Brought to you by the Continence Foundation of Australia
The kids were thrilled when we bought our first trampoline. I was excited too. Memories of my childhood flooded back. I remember jumping for hours on our trampoline-with-no-nets, perfecting tricks with my sisters, dodging the sprinkle sprays in summer and de-stressing after school. After the kids had a go on the new backyard fun-maker, I took my turn with glee. Maybe I should have said instead…with wee. There’s nothing like a trampoline to test my post-four-babies pelvic floor muscles.
Since that moment 7 years ago, I’ve learned a lot about my body and incontinence, and some of it surprised me. Since it’s World Continence Week, I thought it a good opportunity to discuss this topic because a recent national survey conducted by Contience.org.au shows eight in ten Australian women affected by bladder leakage, fail to seek help for the problem.
I was one of those women until I had a random chat with my physiotherapist friend many years ago. I think as mothers, we are open to talk about it with friends – you know, pretty much all topics are on the table when you’re a mum! We normalise the condition post childbirth (which is great) however this can lead to women not getting help because we think it’s normal and just put up with it.
The thing is, you don’t (and shouldn’t) have to put up with it, and continued incontinence is not always due to childbirth either. In fact, research shows that 85% of women who suffer from bladder leakage mistakenly put it down to childbirth. If you’re like me, and experience leakage when coughing, sneezing or doing active things like jumping and skipping (stress incontinence), pelvic floor muscle training can help to highly minimise and stop the problem. I recommend starting with the Pelvic Floor for Women section on the website which is extremely informative and comprehensive.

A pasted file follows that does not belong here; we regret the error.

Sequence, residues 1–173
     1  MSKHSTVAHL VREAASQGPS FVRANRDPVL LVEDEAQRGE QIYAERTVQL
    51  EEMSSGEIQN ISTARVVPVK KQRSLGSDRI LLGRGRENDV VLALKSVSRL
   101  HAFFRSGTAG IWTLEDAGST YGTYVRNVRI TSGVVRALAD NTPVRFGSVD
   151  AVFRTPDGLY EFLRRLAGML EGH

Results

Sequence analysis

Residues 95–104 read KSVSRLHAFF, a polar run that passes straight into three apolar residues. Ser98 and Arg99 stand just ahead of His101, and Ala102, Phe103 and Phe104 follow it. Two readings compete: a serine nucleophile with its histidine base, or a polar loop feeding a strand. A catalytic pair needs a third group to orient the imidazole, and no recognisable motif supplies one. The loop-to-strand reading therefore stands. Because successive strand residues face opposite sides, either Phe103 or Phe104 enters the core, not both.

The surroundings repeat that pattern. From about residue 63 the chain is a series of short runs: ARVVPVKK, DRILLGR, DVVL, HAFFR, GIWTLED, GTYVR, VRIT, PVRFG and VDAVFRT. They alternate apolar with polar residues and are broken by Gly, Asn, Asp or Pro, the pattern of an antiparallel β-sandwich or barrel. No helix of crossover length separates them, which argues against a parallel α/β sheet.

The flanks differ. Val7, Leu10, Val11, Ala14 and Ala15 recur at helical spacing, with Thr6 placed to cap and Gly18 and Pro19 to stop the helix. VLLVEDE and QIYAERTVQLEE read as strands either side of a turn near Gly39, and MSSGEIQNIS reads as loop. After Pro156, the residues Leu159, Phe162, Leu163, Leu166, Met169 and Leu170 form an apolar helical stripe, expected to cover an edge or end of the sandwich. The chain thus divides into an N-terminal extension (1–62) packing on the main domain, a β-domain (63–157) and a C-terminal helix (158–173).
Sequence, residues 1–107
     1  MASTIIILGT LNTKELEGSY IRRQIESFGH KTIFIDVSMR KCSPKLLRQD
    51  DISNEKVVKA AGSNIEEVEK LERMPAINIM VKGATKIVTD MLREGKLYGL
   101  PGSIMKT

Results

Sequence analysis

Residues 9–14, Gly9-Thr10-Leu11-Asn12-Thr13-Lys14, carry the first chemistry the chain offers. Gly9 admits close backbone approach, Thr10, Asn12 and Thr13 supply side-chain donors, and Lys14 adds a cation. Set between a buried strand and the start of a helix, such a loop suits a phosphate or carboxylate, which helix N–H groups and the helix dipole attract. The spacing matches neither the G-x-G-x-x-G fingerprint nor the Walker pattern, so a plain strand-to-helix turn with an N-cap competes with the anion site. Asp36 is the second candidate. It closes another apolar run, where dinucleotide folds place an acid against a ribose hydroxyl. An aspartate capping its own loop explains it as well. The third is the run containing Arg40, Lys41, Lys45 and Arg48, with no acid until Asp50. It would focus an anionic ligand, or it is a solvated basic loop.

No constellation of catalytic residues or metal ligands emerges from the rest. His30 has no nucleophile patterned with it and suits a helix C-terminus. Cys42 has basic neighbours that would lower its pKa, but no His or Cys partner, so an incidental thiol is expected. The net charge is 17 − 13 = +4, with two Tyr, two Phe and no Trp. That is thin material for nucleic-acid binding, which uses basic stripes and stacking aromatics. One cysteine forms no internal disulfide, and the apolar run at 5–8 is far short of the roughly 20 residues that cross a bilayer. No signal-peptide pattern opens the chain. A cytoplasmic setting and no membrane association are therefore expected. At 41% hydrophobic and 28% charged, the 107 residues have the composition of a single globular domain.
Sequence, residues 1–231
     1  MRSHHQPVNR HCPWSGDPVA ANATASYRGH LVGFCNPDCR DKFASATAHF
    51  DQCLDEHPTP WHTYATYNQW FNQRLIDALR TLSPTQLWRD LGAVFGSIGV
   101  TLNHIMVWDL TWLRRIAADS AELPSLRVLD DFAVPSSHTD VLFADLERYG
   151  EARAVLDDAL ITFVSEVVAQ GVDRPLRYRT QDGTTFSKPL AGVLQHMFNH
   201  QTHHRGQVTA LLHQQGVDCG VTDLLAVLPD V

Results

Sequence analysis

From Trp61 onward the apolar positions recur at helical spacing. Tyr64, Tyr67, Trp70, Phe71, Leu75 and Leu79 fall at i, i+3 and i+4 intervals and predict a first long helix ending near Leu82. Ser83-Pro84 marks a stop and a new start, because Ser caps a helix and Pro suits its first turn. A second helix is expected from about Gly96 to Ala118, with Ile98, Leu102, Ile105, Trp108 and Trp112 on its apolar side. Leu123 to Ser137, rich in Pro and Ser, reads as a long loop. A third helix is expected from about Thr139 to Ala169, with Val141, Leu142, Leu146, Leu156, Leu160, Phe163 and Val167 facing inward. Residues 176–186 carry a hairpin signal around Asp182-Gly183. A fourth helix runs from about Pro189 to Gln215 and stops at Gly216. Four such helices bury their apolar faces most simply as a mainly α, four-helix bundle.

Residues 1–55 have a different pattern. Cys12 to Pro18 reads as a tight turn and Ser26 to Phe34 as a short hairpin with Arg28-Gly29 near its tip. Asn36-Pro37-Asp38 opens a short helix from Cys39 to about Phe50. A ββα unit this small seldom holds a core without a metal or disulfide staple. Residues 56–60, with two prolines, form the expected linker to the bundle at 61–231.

The reality is, only two percent of the women who know pelvic floor muscles can prevent and improve incontinence, actually do them. I get this! Personally, I was religious about doing my exercises post birth, every time I breastfed. However, after a while, I forgot about it until that spontaneous conversation with my physio friend.
Can I just jump in here and say, that physiotherapists and other health professionals do not need to be invasive to teach you how to perform pelvic floor exercises correctly. In my experience, they can tell if you’re using the right muscles by checking for specific muscle activation on the abdomen. I didn’t get help for a long time, but when I did, it made a big difference and I’m as active as ever. These days, I run, I skip every week, and just recently, I went to a birthday party at Bounce, and had a blast jumping on the trampolines with my kids…with glee this time.
The tricky thing about pelvic floor exercises is they have to be consistent, rather than get strong and move on, so I find it useful to make it part of my day. The important thing is to learn how to do the exercises correctly and effectively. What has been successful for me over the years is to have triggers to help me remember. Below are some ways I weave it into my life.
- At every red light, I try and remember to squeeze pelvic floor muscles. I have a little sticky note on my dash to remind me. This has opened up conversations with my daughters about the function of the pelvic floor and the importance of keeping them strong.
- There have been times when I have done the exercises before I get out of bed and before I go to sleep.
- I exercise regularly, and make a conscious effort, especially during core work, to pull my pelvic floor tight.
As Continence Foundation of Australia chief executive Rowan Cockerell says, “Incontinence is common, but it’s not normal and should be treated just like any other health condition.” The important take away here is to talk to a health professional about it or head to continence.org.au for more information. Let’s keep talking about it, for sure. But let’s also DO something about it because as mothers, we want the freedom to do things we enjoy.
People affected by incontinence should phone the Continence Foundation’s free National Continence Helpline
(1800 33 00 66) for advice or information on local continence services, or go to continence.org.au.